Southerners have long been slipping spoonfuls of chowchow onto the sides of their plates for dipping into between bites of roasted meats, livening up white beans with cornbread, or scattering over eggs for a vinegary boost.
But at its heart, chowchow is a make-do relish pulled together by raking through what’s left of the garden; it’s traditionally made just with vegetables on hand. The recipe here includes a few classic ingredients such as cabbage, peppers, green tomato, onion, and spices including turmeric and mustard seed. But like most things born of making do, chowchow’s uncertain roots leave lots of leeway for creativity and just enough tradition to keep it real.
- Yield: 8 (1 pint 250-ml) jars
- ½ large head cabbage, finely shredded
- 4 green bell peppers, chopped into very small dice
- 4 red bell peppers, chopped into very small dice
- 4 yellow onions, finely chopped
- 6 green tomatoes, chopped
- ⅓ cup (80 g) kosher salt
- 2 cups (290 g) lightly packed light brown sugar
- 2 cups (480 ml) cider vinegar
- 2 teaspoons celery seeds
- 1 teaspoon dry mustard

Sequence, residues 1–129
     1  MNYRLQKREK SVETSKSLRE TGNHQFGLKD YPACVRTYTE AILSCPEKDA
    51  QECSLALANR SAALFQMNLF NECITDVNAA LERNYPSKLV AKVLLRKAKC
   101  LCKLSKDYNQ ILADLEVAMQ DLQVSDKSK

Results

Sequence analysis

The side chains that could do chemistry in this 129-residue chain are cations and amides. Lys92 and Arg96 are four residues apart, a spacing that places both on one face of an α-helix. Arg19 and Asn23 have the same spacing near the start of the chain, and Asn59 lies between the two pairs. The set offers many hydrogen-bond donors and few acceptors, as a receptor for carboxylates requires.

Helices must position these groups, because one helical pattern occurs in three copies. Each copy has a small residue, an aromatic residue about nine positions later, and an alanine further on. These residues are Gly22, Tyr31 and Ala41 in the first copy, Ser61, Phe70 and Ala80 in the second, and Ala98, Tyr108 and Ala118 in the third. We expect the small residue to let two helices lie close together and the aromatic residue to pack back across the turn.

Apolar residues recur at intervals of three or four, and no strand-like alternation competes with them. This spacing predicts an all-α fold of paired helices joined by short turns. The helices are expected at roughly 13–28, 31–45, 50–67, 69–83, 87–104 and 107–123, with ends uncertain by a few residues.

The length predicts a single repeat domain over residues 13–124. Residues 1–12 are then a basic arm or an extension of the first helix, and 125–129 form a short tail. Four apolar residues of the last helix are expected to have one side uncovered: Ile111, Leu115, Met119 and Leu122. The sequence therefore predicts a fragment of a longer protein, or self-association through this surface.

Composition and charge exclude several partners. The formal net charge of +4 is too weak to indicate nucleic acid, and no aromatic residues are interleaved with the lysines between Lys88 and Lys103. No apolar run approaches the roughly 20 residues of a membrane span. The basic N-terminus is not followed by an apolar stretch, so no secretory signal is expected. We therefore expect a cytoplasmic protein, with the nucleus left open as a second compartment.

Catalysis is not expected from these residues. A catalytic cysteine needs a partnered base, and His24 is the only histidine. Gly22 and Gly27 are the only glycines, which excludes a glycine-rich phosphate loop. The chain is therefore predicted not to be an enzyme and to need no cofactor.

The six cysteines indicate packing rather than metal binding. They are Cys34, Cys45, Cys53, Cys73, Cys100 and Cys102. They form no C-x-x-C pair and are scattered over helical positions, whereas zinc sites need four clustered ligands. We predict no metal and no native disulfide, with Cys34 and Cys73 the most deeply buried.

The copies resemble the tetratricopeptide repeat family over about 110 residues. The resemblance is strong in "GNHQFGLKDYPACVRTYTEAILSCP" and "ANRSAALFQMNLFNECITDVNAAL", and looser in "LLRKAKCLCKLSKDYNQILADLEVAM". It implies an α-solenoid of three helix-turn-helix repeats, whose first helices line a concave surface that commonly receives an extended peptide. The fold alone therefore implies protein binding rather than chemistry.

- 1 tablespoon mustard seeds
- 1 teaspoon ground turmeric
- ½ teaspoon ground ginger
- ½ teaspoon crushed red pepper
- In a large bowl, combine the cabbage with the other chopped vegetables bell peppers, onions, and tomatoes.
- In a large pot, mix the salt, sugar, and vinegar and bring the mixture to a boil, stirring until the sugar dissolves. Add the celery seeds, dry mustard, mustard seeds, turmeric, ginger, and crushed red pepper and stir to combine. Then add the vegetables. Reduce the heat to medium-low and simmer for 1 hour.
- With a large spoon, pack the vegetable mixture, along with its cooking liquid, into the warm, sterile jars. With a clean, dry dishtowel, wipe the mouth of each jar. Place a lid on each jar and tighten the ring. Place the jars in boiling water for 10 minutes. Remove the jars from the water and set them aside; listen for the lids to ping, indicating that the jars have sealed. Serve the chowchow chilled or at room temperature.